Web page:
Washington state has both federal and state protections against employers using criminal record to disqualify applicants from employment. Have the charges been dismissed? Were they dropped? What are the specifics and do they even apply to the job in question?
An applicant has definitive rights when applying for a job, and employers are governed by two major Federal laws also that pertain to disqualification:
- Federal anti-discrimination laws. Title VII prohibits employers from discriminating against applicants and employees based on certain protected characteristics. While criminal history is not a protected category, the Equal Employment Opportunity Commission has recognized that members of certain groups would be disproportionately impacted by a blanket policy of not hiring applicants with a criminal record.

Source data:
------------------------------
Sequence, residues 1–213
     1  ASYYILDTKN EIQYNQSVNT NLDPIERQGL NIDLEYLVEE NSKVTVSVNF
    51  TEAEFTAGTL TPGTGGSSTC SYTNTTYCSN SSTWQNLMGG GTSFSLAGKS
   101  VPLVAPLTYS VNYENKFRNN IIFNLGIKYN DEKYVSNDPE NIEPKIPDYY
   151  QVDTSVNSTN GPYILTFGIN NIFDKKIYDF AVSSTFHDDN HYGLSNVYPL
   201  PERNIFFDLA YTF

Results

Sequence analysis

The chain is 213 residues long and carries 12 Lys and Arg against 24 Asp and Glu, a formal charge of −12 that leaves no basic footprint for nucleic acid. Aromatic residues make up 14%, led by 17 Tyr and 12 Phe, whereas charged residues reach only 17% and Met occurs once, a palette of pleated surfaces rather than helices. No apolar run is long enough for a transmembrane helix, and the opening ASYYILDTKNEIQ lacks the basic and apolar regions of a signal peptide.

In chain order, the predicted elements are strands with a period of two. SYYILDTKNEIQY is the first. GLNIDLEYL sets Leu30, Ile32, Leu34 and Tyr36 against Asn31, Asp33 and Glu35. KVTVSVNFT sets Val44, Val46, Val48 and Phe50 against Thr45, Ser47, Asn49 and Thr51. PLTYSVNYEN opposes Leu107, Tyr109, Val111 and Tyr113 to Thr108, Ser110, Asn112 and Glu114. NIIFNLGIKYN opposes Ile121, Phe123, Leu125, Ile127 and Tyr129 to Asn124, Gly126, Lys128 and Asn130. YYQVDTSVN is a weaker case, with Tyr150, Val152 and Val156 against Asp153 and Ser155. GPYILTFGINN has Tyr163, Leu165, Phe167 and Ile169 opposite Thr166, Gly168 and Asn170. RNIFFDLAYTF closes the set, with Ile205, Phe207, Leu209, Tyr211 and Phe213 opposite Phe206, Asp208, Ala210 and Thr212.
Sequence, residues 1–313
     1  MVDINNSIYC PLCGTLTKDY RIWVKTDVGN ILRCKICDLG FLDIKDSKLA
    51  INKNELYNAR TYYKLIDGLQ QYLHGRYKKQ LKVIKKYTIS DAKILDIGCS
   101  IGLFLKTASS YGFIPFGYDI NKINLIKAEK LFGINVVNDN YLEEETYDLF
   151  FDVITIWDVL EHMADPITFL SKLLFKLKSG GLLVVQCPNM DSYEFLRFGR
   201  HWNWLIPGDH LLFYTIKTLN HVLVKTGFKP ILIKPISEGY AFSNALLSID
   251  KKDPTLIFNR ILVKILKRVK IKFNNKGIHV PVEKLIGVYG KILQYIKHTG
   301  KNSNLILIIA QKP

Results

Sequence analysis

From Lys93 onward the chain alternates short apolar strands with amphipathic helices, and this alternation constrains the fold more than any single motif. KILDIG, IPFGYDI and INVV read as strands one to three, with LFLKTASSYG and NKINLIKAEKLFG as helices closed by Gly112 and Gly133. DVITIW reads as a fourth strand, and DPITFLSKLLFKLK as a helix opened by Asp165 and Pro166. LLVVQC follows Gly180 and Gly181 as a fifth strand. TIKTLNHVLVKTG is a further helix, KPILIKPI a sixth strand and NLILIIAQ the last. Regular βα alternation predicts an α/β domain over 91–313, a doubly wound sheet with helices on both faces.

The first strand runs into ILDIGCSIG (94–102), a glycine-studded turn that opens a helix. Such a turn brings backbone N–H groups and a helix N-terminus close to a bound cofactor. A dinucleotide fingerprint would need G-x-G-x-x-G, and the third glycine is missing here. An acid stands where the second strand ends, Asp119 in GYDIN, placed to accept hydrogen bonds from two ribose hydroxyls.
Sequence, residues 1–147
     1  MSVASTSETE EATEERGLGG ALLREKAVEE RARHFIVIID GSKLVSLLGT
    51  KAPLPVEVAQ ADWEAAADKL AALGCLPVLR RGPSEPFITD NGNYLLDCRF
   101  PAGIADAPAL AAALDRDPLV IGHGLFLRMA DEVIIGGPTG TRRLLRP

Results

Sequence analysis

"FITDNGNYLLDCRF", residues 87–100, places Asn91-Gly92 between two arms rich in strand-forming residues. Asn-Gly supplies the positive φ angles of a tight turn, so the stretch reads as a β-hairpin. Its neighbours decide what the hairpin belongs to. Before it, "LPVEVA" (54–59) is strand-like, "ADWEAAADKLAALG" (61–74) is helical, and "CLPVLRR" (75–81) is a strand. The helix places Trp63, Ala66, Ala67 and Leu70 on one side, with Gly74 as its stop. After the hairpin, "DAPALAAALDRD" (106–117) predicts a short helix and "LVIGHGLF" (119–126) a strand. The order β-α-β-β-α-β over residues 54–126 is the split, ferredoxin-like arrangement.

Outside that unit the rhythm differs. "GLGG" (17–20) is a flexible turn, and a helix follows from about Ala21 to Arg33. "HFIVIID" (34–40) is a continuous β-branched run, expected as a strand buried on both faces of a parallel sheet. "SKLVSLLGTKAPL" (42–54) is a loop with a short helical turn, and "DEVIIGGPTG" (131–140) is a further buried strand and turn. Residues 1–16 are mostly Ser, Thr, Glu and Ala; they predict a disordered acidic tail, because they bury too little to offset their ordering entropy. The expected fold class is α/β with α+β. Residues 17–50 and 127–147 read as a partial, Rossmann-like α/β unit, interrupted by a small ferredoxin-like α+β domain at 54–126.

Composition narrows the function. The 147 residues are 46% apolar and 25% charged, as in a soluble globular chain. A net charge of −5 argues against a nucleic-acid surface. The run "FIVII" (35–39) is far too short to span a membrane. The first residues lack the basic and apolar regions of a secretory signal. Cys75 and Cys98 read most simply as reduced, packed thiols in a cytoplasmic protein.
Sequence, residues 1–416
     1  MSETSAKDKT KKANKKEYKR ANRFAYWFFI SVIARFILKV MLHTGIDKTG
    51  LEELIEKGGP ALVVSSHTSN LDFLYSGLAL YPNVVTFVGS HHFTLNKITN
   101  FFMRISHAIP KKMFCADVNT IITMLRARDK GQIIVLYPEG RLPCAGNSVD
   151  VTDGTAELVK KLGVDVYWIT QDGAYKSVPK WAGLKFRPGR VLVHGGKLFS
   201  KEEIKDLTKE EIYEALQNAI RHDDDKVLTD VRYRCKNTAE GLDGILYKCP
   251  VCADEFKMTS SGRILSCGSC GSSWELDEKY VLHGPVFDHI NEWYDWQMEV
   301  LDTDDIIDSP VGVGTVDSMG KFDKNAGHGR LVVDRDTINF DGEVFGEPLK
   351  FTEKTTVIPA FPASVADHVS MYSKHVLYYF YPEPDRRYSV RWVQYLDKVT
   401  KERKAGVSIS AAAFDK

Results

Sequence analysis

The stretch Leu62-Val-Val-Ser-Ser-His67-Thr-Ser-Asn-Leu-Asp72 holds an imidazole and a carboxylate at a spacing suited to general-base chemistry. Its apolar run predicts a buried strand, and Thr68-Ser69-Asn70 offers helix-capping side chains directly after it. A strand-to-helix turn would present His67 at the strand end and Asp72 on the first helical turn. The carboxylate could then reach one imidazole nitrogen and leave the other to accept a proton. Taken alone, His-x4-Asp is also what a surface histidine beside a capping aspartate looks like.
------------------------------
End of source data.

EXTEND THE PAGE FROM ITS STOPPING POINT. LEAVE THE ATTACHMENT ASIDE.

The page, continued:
- Criminal background check laws. The Fair Credit Reporting Act (FCRA) applies whenever an employer hires a third party to run a background check on a job applicant. Among other things, the employer must obtain the applicant’s written consent for this check, but if applicants refuse to consent to the background check, the employer can take them out of the running for the job.
An applicant has rights, and the employer is governed by rules that dictate when and if they can disqualify you on the basis of your criminal record. You must know the specifics to your case however, and it is always in your best interest to get advice from a criminal defense lawyer who will help fight for your rights.